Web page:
I’m also struck by growing up in this organization and what has led us to where we are over time. A part of that is that we’ve lost about 37% of our non-fire workforce over the last 15 years or so. And I’m amazed and perplexed by this next statement: even losing 37% of our organization, we are still as productive as we were then. But now, I also know, because I came from the field, that there was a price we’ve been paying for that. We’ve been very efficient in our processes and NEPA and things that we are using. But I also know that for many people in the Forest Service, this job is not just a job, it’s a lifestyle. And because it’s a lifestyle, we have bought off into this mission and what it means is that we’ve got to do whatever it takes to be successful, sometimes at our own detriment, sometimes at our own family’s detriment. And so, I would say that we should probably pause a bit and stop talking about what we can’t do with what we don’t have and start a different conversation about “This is what we can do with what we have.”
Now, I am optimistic that it is going to get better. I am very optimistic that it is going to get better. The question I have for us, as Forest Service employees: What will we do with new opportunities? Will we make a mad dash to hire a lot of people? Now, we know we need to hire some more people out in the field to get at some of the issues that are very pertinent and germane to us today. Or will we take advantage of what the pandemic has shown us, that there is an alternative way to operate in being successful? How will we embrace this next phase of the Forest Service?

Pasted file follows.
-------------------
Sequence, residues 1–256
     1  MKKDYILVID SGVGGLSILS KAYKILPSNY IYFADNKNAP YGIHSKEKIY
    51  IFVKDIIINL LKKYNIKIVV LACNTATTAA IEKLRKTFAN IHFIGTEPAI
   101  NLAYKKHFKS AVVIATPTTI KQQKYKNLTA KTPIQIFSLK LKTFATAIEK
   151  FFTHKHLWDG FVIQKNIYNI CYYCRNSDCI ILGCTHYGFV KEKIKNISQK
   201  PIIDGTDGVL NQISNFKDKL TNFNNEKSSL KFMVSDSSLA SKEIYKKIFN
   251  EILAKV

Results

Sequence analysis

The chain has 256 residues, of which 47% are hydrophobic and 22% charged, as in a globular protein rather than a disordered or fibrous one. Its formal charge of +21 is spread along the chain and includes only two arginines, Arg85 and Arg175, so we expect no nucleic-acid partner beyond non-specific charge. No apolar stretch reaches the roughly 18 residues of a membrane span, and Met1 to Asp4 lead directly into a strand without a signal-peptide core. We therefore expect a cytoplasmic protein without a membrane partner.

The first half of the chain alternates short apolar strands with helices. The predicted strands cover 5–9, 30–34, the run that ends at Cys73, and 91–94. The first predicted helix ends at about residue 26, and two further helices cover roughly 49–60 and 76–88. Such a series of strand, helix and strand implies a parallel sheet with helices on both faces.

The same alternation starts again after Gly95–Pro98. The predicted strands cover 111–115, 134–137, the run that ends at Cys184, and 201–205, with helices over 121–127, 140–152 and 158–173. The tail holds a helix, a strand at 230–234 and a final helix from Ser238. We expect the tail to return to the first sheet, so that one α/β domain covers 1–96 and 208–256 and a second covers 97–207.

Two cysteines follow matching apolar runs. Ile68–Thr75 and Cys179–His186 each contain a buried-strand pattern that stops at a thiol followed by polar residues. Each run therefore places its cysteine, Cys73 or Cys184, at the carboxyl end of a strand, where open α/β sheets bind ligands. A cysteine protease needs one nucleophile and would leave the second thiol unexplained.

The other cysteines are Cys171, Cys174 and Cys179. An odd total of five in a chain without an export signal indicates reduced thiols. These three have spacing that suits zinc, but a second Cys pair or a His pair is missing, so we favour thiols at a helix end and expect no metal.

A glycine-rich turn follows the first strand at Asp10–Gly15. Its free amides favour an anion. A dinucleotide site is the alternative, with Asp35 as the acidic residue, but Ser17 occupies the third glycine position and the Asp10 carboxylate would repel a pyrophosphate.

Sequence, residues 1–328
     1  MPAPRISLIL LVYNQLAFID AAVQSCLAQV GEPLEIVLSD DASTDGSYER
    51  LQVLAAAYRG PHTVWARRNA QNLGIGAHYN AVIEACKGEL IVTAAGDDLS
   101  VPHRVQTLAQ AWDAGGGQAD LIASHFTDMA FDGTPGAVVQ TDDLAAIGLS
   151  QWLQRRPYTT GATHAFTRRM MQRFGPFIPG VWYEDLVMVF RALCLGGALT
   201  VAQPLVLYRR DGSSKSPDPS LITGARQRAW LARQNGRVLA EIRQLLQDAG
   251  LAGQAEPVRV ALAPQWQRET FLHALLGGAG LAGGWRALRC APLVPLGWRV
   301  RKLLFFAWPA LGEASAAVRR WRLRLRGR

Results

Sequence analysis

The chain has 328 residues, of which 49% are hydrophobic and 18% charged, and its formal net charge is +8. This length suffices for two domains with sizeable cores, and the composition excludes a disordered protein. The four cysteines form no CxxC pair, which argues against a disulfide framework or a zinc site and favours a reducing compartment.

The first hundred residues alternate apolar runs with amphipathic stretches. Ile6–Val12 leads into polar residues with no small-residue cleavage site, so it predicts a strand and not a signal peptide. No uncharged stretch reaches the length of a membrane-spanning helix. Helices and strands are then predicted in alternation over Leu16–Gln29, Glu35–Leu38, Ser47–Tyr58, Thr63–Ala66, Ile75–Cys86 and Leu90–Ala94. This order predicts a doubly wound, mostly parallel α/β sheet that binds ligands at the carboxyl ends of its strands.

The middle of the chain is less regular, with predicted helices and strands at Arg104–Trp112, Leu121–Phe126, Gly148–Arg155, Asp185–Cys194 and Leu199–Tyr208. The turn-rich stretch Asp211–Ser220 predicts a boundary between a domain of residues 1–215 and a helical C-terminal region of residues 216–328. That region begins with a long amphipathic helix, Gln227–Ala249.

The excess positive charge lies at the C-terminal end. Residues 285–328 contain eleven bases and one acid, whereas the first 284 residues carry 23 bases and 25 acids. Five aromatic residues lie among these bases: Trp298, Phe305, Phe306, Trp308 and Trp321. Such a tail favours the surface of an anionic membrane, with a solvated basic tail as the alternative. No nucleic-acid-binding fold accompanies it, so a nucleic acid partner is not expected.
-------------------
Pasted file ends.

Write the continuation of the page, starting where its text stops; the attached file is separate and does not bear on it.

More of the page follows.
And so, I don’t have a lot of answers. I do have a lot of questions. Those of you that know me know that I’m going to be asking you a lot of questions because I want to engage the workforce into where we go and how we get there. So, stay tuned for opportunities to engage.
I also know that we’re at a time where fires are burning across the West, and, when fires are not burning, we have flooding, hurricanes, tornadoes: We have one emergency after another. But let’s take this emergency that we have right now, which we have a number of catastrophic fires burning, and part of the reason, no matter how you feel about climate change, our climate is different than what it used to be. And so, what do we do about this? We know we have disease and insects on the landscape. We know we that we have fires burning at a catastrophic nature and they are not behaving, as they move across the landscape, as they used to. We know that we have to look at treating the land, but we need to treat it by landscapes, or we can't make a difference of what’s happening out there on the ground. We also have to look beyond jurisdictional boundaries and look at landscape, and to do that, we have to bring our community of people together. The collaboratives are one of the ways we have been successful, and looking at the shared stewardship approach that we have in the agency, I think that’s a wonderful opportunity to continue to lead out and make improvements out on the ground.
My intention is to increase on-the-ground efforts and focus because we know that if we’re going to make a difference, we’re going to make a difference at that ground level. And so, I invite you all to stay engaged. I invite the Executive Leadership Team to engage with us. I invite the National Leadership Council and all our senior line officers throughout the agency to engage, to help us make a real focus on treating the landscapes.